Though it's been months since its debut, the book continually spikes on Amazon's Movers and Shakers list — its roundup of the top-selling products across the site — and it's currently listed as the No. 1 bestseller in the Diet Books category. Naturally, this begs the question: What's all the hype about? Aside from the famous author — and the fact that the title suggests fixing a problem just about every human struggles with (just look at search traffic for "flat belly" and "flat stomach" exercises). Is it all just marketing hype?
Our muscles are habitual of storing a kind of carbohydrate known as glycogen. This stored carbohydrate is only consumed when our body does some extra exercise. When we get rid of carbs, we can actually access this stored fuel and consume it off. For this avoid consuming carbs after lunch and substitute with low-carb food so that no new fat is stored.
Just like vegetables, this can be as simple or as complex as you want it. Maybe you’re just making sure there’s a protein source at each meal (if it was lacking before). Maybe you’re figuring out rough portion sizes. Maybe you’re taking it to the max and actually weighing your food. The point is, you should be including it throughout the day and week.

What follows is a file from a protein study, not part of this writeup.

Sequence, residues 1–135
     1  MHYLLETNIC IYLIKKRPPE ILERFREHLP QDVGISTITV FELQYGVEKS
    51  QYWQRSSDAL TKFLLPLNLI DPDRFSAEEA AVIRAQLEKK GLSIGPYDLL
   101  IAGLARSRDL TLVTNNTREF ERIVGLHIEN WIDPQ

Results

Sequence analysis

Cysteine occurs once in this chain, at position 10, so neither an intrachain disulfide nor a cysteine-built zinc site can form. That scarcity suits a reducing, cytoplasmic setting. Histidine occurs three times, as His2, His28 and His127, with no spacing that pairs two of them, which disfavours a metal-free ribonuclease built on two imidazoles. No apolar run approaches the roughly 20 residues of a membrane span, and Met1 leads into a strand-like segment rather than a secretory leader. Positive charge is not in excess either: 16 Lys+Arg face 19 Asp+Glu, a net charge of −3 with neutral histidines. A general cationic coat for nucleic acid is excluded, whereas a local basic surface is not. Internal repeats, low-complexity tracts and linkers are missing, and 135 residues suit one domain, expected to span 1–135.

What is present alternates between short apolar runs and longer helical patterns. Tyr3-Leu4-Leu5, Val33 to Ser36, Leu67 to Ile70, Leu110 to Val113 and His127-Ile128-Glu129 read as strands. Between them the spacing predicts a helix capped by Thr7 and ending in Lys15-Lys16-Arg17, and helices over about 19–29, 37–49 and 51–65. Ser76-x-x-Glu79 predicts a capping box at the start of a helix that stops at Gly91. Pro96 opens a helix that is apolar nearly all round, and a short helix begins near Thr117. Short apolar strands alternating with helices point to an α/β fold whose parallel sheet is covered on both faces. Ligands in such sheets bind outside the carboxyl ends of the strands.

Whereas many beverages can increase your waistline (see above), there is one that is guaranteed to trim your tummy: water. Drinking plain ol' H2O works because staying fully hydrated tells your body it's okay to release any extra water it's retaining, decreasing the accompanying bloat. Plus, drinking water has been proven to reduce cravings for sweets, lower your appetite, and help you feel satiated faster.
Simply put, artificial sweeteners cause belly fat. A 2015 study in the Journal of the American Geriatrics Society found that increasing diet soda intake is directly linked to greater abdominal obesity. In the study of older adults, researchers found those who drank diet soda each day experienced more than triple the increase in waist size over the course of nine years, so put down the Diet Coke and don’t even think about reaching for some Equal to put in your morning coffee.
And as a little extra bonus, we’ve reduced your added sugar intake to essentially 0 grams per day. With some clever tricks (like adding bananas to sweeten your oatmeal) and by completely eschewing ultra-processed foods (which provide the average American with 90 percent of the added sugar you’d consume in a day), cooking at home not only helps you lower your calorie intake, but also helps you to cut that inflammation-inducing added sugar. So grab a pen and paper, get to the grocery store, and start cooking! You’ll start feeling slimmer, less bloated, and have more energy in no time.
In this book, we look at all of the ways you can improve your own gut health, starting with the food you eat. My diet recommendations, meal plans, and recipes will help feed and protect your gut microbes. And we look at the many other steps you can take to support your beneficial bacteria, from avoiding unnecessary antibiotics to changing the way you think about dirt and germs. Even the choices you make about how you bring your children into the world can have an impact on your family's microbiomes.